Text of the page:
Digital and streaming platforms are apparently just as fluid in that regard. On Discogs we will not do this because yes, he/she/they do indeed have an entry courtesy of a song on the soundtrack to the film Juno. And that song will always be credited to “Ellen Page“.
Because that’s what we do: We transcribe information. We do not rewrite history.
You cannot unprint a book. Artists and people don’t always get their way. That’s just the way it is, and it may even be in contravention of certain laws such as article 17 of the GDPR which offers the right to erasure (better known as “the right to be forgotten”) and thus puts every library, every archive, and every database in an uncomfortable situation.
Give this a bit of thought.
Now, to conclude: That’s one database. Those are some of the standards and norms Discogs has, and some examples of typical data capture and manipulation issues.
Is it perfect? Absolutely not, no.
Nor will it ever be complete, and it’ll never be 100% accurate, despite — or maybe because of — thousands of international users constantly working on entering and updating and cleaning data. The world has changed in the twenty years since it launched. Requirements and concerns have changed.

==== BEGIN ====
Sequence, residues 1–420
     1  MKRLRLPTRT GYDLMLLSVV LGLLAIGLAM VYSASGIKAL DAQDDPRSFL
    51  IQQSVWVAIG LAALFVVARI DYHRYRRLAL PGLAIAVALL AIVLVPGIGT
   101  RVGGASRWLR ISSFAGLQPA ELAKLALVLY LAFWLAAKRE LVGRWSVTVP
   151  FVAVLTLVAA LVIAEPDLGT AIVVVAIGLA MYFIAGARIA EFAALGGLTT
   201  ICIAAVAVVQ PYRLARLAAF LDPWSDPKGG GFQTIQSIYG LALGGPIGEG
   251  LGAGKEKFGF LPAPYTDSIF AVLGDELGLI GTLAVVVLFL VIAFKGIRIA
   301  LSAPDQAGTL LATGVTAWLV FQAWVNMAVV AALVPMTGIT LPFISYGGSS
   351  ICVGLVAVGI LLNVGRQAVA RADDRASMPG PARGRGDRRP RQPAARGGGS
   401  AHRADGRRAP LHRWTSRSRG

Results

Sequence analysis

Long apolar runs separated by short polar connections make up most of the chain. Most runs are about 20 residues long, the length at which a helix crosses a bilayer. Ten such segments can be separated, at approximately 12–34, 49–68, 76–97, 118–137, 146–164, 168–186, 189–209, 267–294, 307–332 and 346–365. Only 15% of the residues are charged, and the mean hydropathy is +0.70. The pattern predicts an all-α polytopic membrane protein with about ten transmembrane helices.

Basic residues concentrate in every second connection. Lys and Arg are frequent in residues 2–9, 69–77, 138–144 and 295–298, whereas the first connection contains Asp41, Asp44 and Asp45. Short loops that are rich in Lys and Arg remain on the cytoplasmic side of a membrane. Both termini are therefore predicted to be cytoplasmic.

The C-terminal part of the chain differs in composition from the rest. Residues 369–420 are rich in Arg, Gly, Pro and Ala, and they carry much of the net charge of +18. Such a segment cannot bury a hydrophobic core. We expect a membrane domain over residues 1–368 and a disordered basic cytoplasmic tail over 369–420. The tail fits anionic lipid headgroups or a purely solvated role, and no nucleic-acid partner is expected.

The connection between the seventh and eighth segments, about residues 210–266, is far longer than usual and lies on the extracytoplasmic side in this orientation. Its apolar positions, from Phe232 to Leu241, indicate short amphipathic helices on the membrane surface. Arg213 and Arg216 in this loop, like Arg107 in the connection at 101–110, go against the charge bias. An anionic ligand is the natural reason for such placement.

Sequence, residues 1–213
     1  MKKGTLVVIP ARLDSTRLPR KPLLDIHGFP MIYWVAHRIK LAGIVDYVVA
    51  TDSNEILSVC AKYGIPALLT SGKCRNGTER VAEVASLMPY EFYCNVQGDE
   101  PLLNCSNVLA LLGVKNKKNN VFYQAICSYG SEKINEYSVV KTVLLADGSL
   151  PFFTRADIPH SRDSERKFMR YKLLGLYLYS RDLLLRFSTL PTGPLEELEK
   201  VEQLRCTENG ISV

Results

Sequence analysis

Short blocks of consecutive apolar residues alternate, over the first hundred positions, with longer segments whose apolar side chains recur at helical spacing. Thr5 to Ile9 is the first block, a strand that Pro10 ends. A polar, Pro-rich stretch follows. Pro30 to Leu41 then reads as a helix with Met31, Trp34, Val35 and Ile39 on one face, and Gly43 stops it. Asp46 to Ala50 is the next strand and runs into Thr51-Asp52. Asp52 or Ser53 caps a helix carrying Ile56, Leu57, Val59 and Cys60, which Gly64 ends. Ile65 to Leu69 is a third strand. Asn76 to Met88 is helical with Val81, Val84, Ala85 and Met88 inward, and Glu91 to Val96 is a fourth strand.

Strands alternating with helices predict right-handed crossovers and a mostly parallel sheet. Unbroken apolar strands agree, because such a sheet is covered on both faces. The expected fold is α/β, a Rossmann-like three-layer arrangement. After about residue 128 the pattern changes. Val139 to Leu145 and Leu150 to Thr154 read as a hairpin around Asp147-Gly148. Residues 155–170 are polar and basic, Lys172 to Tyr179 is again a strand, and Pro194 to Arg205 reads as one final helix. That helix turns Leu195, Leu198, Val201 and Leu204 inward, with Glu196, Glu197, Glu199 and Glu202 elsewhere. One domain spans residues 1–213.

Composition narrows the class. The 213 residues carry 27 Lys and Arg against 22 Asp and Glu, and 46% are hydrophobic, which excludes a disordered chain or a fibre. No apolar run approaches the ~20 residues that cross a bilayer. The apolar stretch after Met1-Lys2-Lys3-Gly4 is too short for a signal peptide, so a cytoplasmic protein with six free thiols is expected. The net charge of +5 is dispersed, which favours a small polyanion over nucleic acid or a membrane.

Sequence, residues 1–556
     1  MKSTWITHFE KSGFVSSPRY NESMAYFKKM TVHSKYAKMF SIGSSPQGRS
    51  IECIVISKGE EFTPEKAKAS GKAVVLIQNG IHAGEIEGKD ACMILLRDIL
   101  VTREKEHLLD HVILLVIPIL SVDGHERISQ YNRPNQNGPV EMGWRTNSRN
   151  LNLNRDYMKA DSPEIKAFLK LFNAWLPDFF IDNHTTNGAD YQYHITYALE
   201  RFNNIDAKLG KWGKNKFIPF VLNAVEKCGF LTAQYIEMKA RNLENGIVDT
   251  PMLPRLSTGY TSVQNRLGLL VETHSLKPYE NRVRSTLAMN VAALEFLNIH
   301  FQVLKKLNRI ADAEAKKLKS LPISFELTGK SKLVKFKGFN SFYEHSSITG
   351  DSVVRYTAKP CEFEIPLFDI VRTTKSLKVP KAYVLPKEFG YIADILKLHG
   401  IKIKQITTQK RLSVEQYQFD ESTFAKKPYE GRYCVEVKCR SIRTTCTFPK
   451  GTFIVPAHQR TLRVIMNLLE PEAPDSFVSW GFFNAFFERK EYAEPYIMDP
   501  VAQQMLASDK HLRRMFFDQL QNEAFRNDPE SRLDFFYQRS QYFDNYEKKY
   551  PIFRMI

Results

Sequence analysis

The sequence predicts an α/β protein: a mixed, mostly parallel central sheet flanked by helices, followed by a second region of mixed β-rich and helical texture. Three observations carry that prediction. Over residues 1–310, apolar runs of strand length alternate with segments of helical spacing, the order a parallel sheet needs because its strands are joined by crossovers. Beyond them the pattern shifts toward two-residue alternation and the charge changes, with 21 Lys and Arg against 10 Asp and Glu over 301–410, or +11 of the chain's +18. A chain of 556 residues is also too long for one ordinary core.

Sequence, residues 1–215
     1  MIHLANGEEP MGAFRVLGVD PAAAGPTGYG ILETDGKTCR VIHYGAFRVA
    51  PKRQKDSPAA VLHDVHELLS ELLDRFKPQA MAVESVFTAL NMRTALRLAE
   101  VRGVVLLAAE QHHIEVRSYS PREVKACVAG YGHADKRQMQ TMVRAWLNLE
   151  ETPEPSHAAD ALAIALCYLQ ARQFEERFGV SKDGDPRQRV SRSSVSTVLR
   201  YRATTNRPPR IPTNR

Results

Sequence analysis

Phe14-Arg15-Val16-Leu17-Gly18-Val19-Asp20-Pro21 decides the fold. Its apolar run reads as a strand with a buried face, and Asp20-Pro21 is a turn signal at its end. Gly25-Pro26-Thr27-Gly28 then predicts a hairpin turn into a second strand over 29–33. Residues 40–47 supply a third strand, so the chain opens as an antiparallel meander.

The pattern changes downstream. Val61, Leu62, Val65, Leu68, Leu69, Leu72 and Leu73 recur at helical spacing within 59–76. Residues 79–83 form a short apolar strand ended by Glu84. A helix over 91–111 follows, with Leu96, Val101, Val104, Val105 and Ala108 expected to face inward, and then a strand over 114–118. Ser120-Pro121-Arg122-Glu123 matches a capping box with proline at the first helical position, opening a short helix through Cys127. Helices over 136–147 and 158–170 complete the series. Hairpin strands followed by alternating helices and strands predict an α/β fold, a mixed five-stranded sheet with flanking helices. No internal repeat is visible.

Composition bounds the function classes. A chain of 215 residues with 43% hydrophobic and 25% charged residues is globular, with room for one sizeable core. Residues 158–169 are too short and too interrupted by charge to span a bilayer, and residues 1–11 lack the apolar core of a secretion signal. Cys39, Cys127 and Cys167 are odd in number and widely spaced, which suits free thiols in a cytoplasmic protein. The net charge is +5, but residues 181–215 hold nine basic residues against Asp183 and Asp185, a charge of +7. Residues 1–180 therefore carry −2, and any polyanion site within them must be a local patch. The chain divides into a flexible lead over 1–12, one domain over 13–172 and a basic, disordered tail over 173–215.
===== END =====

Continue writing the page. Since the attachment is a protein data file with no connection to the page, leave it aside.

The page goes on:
Earlier in this presentation I said that there was no global database with such a level of information. That was a small lie. As we’ve just seen, Discogs is one, Metabrainz is another contender – although neither is or will ever be complete. That’s impossible to achieve.
But the music industry itself hasn’t stood still either.
Over the last few years, they seem to have settled on something called DDEX ERN — the “Dynamic Data Exchange Electronic Release Notification” Message Suite Standard. It’s an XML specification which is…
“…used to enable content owners/administrators to inform DSPs about new releases that are available for distribution, and the terms and conditions under which those releases can be made available. It includes complete metadata about the release and all resources contained within the release. In addition, it includes information about the “deals” that describe when, where and how the release can be made available.”
The standard is currently at version 4.
Signatories include Apple, Soundexchange, numerous mechanical rights societies, Amazon, Google, Pandora, and a host of other record companies and vendors — which certainly sounds impressive.